For the next few days, Daisy spent a total of six hours trying to find the perfect present for May. She wasn’t allowed to ship anything to a nonexistent location, and besides, there wasn’t anything online. Daisy went to the local stores, one of which had a nice leather jacket, which she considered Plan B. 

 

She wanted to get something for May that was out-of-the-box and leather jackets were in, like, the center of the box. 

 

On the ninth day of trying (and failing) to find a gift, Daisy caved in and decidedly to ask for help. Not because she couldn’t hack May’s computer, but because she was terrified of May kicking her ass because Daisy hacked her computer. 

 

“Hey Coulson?” Daisy asked at the end of the briefing that morning. “Can I talk to you for a sec?” 

 

“By all means,” Coulson replied, beckoning her to his office. He shut the door. “You got May, didn’t you?” 

 

“How did you -” Daisy began. He cut her off with a wave of his hand.

 

“Daisy, Melinda May is the hardest person to shop for on the planet. Especially as someone who’s been getting her birthday presents for thirty years,” Coulson added. Interesting, Daisy thought. He gets her birthday presents? 

 

“OK, well, I want to get her something more than say, a jacket,” Daisy said, frustrated. 

 

“I think you might be over-stressing slightly,” Coulson informed her. “But I probably do that every time November rolls around.” 

 

“What did you get her this year?” Daisy asked miserably. 

 

“Tea from this little shop in China that doesn’t sell outside of their place. I had to take the day off to fly out there,” Coulson answered.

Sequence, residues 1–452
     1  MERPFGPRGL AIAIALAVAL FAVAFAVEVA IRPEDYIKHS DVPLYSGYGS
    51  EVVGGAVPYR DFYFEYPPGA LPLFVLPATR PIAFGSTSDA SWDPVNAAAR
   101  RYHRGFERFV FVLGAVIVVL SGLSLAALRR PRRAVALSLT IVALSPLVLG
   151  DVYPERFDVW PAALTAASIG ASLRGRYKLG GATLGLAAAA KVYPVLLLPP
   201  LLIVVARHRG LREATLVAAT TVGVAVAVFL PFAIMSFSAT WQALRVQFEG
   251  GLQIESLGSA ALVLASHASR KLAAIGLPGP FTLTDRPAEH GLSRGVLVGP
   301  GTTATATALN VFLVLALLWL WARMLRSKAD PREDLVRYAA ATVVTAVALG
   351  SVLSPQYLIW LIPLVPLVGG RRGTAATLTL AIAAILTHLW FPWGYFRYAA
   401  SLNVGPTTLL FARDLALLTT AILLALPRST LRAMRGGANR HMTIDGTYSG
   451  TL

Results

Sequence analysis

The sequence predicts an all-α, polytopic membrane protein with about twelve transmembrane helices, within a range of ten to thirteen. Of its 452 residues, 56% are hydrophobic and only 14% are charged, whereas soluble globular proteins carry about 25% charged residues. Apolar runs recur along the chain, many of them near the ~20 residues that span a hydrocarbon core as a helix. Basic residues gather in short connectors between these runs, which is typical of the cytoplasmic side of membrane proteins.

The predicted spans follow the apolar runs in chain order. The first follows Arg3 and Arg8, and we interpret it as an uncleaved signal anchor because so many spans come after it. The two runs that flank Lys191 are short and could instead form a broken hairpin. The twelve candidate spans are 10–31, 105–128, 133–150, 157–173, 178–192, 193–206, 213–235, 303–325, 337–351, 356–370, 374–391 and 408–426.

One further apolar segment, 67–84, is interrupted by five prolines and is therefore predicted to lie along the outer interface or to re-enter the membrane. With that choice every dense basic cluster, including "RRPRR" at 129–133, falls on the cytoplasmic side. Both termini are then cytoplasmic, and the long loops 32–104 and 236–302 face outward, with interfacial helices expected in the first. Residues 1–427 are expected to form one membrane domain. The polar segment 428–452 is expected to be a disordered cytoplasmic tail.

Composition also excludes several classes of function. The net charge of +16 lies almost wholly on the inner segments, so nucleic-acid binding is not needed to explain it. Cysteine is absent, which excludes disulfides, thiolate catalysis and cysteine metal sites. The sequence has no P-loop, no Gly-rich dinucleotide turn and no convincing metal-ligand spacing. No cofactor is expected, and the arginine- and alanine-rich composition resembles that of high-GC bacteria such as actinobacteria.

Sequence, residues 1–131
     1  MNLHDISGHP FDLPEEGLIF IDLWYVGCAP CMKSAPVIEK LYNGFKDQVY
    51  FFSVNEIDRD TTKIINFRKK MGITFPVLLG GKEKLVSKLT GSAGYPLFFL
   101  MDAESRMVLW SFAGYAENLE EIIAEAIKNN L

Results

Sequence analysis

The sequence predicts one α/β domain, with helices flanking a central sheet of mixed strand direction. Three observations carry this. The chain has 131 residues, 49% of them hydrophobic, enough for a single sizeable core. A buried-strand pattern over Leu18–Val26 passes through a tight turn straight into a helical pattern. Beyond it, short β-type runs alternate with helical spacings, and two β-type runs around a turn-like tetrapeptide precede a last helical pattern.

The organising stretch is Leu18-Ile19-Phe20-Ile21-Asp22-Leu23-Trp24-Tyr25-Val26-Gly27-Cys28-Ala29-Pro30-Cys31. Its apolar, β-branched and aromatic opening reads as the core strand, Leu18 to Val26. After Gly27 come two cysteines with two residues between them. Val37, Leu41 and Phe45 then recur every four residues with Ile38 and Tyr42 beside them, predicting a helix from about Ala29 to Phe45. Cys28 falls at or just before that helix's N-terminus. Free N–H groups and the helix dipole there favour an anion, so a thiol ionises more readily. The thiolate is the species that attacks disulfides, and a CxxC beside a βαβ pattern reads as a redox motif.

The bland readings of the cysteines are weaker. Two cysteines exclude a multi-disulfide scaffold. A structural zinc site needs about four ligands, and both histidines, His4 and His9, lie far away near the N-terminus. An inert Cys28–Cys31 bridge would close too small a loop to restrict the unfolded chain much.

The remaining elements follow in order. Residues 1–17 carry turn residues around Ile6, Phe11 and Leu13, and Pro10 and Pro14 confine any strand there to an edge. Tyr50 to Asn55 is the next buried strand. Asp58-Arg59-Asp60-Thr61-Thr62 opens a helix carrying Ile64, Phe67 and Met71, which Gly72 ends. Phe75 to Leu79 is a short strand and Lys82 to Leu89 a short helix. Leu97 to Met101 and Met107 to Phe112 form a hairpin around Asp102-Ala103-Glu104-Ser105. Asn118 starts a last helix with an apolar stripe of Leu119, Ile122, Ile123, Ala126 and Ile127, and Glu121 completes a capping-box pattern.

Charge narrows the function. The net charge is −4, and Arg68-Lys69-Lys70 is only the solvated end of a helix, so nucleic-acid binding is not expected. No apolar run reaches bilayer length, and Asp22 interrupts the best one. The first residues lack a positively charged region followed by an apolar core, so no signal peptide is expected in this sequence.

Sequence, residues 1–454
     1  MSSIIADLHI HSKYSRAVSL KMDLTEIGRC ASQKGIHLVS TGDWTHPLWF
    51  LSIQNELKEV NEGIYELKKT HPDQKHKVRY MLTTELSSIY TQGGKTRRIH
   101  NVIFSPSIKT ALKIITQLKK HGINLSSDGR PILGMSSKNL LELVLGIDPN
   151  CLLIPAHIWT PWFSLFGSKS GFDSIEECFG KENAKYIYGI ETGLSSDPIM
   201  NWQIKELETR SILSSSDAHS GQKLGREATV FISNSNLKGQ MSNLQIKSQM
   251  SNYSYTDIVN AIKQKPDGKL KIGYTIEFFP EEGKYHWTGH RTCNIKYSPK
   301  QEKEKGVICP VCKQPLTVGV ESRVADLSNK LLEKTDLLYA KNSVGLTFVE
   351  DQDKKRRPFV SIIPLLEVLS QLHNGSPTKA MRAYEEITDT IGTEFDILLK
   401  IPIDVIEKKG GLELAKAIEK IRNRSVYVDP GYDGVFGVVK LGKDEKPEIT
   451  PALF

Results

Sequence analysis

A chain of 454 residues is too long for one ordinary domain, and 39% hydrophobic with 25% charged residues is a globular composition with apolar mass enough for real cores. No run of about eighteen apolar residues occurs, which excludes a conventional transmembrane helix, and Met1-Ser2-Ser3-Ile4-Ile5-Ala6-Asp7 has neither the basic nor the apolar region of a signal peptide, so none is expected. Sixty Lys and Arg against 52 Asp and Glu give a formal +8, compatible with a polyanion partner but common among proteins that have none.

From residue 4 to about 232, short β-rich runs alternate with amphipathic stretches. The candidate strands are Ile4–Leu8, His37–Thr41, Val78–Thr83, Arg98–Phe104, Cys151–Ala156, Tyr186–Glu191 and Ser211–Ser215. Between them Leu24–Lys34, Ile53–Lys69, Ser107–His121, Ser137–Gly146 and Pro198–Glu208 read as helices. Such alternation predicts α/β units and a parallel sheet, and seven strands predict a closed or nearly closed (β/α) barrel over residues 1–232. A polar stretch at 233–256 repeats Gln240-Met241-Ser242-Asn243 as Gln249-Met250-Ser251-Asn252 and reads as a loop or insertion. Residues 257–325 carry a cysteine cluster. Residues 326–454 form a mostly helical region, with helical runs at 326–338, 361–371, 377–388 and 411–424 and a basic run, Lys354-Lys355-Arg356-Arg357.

“Well, what should I get her?” 

 

“Notice something she’s missing,” Coulson advised. Daisy sighed and walked out. 

 

At least now Daisy knew Coulson and May got birthday presents for one another, which was absolutely adorable

 

- - -

 

”This is impossible,” Bobbi declared one morning while she, Simmons, and Daisy were sharing coffee. “I have stalked Davis, asked Piper, and gone shopping for two hours. Nothing!” 

 

“Oh, Davis is easy,” Daisy muttered. 

 

“Not as easy as Fitz!” Simmons crowed. 

 

“Damn it, I bet he got you too. You guys always manage to pair up,” said Bobbi, “though I wonder who got Hunter? No one’s asked me yet, though all they’d have to get him is alcohol...” 

 

“Who did you get, Daisy?” Simmons asked. 

 

“May,” Daisy whispered. She knew May was up at weird hours and didn’t want to spoil the surprise. Bobbi and Simmons winced in sympathy. 

 

“And you don’t want to get her something basic, like clothing,” Bobbi guessed. Daisy nodded. “Did you ask Coulson? I bet he would know.” 

 

“He just said to find something she’s missing,” Daisy replied. 

 

“Positivity?” Bobbi suggested and the three girls laughed. But that got Daisy thinking. 

 

“Hang on,” She told them. “You might be on to something...”  

- - -

As soon as Daisy got back to her bunk she grabbed her laptop. May was missing... well, not positivity, more like she had PTSD. And Daisy had seen the news enough times to know what veterans did about PTSD - because May was a veteran, she had been in active war zones, and Bahrain left her scarred. 

 

Daisy found the website in three seconds, and it took her another five to dial the listed number. 

 

“Hi, my name is Daisy. Do you service outside of” - she checked the website - “Oregon?”